As part of its funding arrangements, Shell is publically sharing information on Quest's design and processes to further global adoption of CCS. Quest draws on techniques used by the energy industry for decades and integrates the components of CCS for the large-scale capture, transport and storage of CO2. CCS is one of the only technologies that can significantly reduce carbon emissions from industrial sectors of the economy.
Speaking at the official opening, Shell’s Chief Executive Officer Ben van Beurden said: "Quest represents a significant milestone in the successful design, construction and use of carbon capture and storage (CCS) technology on a commercial scale. Quest is a blueprint for future CCS projects globally. Together with government and joint-venture partners, we are sharing the know-how to help make CCS technologies more accessible and cost-effective for the energy industry and other key industrial sectors of the economy.”
Quest will capture one-third of the emissions from Shell’s Scotford Upgrader, which turns oil sands bitumen into synthetic crude that can be refined into fuel and other products. The CO2 is then transported through a 65-kilometre pipeline and injected more than two kms underground below multiple layers of impermeable rock formations. Quest is now operating at commercial scale after successful testing earlier this year, during which it captured and stored more than 200,000 tonnes of CO2.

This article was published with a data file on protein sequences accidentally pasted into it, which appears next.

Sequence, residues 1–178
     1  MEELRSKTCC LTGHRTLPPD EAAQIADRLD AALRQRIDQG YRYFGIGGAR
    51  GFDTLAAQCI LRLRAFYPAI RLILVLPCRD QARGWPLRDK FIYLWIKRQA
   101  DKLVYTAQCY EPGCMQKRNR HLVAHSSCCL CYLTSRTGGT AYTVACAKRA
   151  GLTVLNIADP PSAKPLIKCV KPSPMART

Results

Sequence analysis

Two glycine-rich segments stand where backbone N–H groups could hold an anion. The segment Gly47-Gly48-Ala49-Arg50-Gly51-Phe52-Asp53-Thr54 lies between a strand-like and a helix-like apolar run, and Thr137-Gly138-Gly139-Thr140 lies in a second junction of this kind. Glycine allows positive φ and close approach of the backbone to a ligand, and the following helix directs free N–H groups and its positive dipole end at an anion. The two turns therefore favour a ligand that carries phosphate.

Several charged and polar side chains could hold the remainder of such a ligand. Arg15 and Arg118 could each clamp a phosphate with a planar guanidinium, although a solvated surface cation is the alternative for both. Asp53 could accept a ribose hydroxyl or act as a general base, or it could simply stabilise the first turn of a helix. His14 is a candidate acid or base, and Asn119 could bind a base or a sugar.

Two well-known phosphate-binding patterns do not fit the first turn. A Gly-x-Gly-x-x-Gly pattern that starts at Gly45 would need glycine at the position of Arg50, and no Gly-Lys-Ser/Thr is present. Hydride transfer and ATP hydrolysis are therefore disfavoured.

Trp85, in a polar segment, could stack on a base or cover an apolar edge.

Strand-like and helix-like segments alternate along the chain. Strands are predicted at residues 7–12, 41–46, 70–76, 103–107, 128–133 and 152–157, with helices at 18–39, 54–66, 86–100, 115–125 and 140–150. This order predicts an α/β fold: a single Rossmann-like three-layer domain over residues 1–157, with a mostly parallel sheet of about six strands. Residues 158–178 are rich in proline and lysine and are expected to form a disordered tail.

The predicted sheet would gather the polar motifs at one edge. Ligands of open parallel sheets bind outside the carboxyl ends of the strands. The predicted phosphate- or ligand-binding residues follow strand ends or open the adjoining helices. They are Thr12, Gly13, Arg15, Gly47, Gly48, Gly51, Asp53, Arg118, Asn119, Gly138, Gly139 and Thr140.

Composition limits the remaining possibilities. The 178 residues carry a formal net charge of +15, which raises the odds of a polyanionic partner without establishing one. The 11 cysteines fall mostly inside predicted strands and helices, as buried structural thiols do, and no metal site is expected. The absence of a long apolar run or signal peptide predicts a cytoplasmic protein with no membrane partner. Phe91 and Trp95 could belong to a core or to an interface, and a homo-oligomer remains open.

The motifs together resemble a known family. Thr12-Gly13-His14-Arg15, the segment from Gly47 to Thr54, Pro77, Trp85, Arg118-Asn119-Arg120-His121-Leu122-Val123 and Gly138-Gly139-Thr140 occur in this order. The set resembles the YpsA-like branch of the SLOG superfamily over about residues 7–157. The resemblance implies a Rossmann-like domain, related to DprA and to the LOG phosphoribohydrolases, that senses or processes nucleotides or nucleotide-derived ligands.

Quest was built on behalf of the Athabasca Oil Sands Project joint-venture owners Shell Canada Energy (60 per cent), Chevron Canada Limited (20 per cent) and Marathon Oil Canada Corporation (20 per cent), and was made possible through strong support from the governments of Alberta and Canada who provided C$865 million in funding.
Collaboration is continuing through Quest between Shell and various parties in an effort to bring down costs of future CCS projects globally. This includes cooperation with the United States Department of Energy, and the British government on research at the Quest site.
“The secondment from the UK’s Energy Technologies Institute to the Quest CCS project is an example of British and Canadian cooperation in cutting-edge low-carbon technologies,” said Howard Drake, British High Commissioner to Canada. “This research-focused partnership will help to develop CCS expertise on both sides of the Atlantic in an effort to advance the innovative solutions demonstrated at Quest.”
Support from the local community was essential to building Quest. Shell initiated public consultation in 2008, two years before submitting a regulatory application.